Seeking Payments for Undercharges without Overcharges
It is a crime under California PC 550 to submit an insurance claim to health insurer for services undercharged in the past without at the same time sending a bill for overcharged services. While going through his/her records, a healthcare provider may discover some mistakes. The healthcare provider may notice that at some point, he/she charged a patient a lesser amount that he/she should have. Therefore, he/she under billed the insurance company. The healthcare may also discover that during another visit, he/she overcharged the same patient and ended up overbilling the insurance company. If the healthcare provider submits the under the billed amount to the health insurer, the healthcare provider should also disclose the overbilled amount. The healthcare provider will be guilty of committing health insurance fraud for failing to disclose the overbilled charges while seeking payment for the billed amount.
Making a Writing Supporting a Fraudulent or False Claim
Assisting to prepare any document that will support a fraudulent health care claim is a form of health care fraud under California law. One of the toughest parts of California's health care fraud law is that a simple act of document preparation may lead to criminal liability. If you work as a secretary in a doctor's office or as a medical billing assistant, you have to be careful when preparing medical documents. You may face charges for fraud that you did not even initiate to make a profit. The preparation of the medical documents may have been a part of your job. However, this will not prevent you from facing fraud charges. If you work for a medical provider who engages in fraudulent activities, you may also face health care fraud charges for doing what the doctor ordered you to do.
What does the Prosecutor Have to Prove?
For the prosecutor to prove beyond doubt that you engaged in fraud, he/she has to prove several elements of the crime. The prosecutor has to do more than showing that you are involved in fraudulent medical operations. The prosecutor has to prove that you were aware that you were submitting a fraudulent claim. You may only face California health care fraud charges if you were aware that the application you were handling was fraudulent or duplicated. In the case of document preparation, you must have been aware that the document you were preparing was for making a fraudulent claim. If you did not knowingly submit multiple applications for a medical service, you are not guilty of committing health care fraud.
For you to face health care fraud charges, it must be evident that you had the intent to defraud. It must be evidence beyond a reasonable doubt that you intended to defraud the medical insurance company or the insurance program. The element of intent is an essential component of many fraud crimes in California. Having a fraudulent intent means that you were aware of your actions and that you acted on purpose. It means that you were aware that you were committing fraud. If you did not specifically intend to commit fraud, you could not face charges for committing health care fraud in California.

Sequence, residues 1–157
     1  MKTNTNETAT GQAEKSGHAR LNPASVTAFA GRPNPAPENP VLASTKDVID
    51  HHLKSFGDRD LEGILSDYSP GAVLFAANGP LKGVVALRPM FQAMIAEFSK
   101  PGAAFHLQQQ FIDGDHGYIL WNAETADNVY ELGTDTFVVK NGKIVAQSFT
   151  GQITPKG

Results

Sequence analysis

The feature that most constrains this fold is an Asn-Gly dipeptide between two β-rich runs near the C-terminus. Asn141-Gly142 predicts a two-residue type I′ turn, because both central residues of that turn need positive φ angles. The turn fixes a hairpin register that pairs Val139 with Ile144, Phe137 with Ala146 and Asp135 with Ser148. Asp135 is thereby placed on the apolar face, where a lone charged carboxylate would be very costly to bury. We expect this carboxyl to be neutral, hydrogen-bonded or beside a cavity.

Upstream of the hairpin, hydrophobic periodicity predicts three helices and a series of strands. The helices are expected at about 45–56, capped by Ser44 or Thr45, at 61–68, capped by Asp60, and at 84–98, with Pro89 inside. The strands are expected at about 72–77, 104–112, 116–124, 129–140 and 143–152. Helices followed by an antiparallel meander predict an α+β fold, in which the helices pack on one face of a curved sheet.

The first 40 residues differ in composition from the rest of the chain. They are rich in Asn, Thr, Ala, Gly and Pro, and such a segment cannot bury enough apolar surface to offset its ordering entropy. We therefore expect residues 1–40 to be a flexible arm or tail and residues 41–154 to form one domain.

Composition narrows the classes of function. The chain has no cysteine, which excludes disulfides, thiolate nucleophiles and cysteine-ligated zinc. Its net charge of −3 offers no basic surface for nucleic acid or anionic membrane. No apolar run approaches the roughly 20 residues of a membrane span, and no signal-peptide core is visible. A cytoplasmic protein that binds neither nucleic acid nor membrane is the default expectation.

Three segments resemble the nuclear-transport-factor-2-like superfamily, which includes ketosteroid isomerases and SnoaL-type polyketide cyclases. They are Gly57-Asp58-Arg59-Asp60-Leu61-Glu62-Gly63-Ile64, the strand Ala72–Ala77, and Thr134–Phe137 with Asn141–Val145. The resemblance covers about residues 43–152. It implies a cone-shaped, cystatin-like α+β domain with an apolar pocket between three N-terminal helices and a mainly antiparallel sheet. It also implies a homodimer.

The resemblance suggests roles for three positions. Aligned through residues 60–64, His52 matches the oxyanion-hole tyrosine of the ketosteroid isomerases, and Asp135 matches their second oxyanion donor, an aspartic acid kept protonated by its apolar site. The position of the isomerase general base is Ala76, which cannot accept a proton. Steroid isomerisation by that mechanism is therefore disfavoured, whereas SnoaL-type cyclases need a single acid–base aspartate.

Detection of Health Care Fraud
The government and private insurance companies incur billions of dollars every year due to fraudulent medical claims. Therefore, the government and insurance companies are actively involved in identifying health care fraud schemes. The detection efforts for health care fraud are not only extensive but also multi-faceted. Some of the detection methods for health care fraud include:
The government and private health care insurance companies encourage whistleblowers to report fraud cases. Whistleblowers may comprise of people working in the health sector and may consist of the recipients of health care services. In most cases, the whistleblower may be entitled to some monetary incentives.
An investigation by the government
It is also common for the government to detect health care fraud by conducting independent investigations. The state of California has in place some measures dedicated entirely to healthcare fraud investigation.
The internet serves as the primary source of health care fraud detection. Government agencies and other insurance companies greatly rely on the internet to mine data and to evaluate trends in analyzing claims submitted to Medicare and MediCal programs. The government and insurance agencies can detect known fraud patterns. The agencies are also able to compare ratios of alleged services to the national norms. This helps them to identify potential health care fraudsters.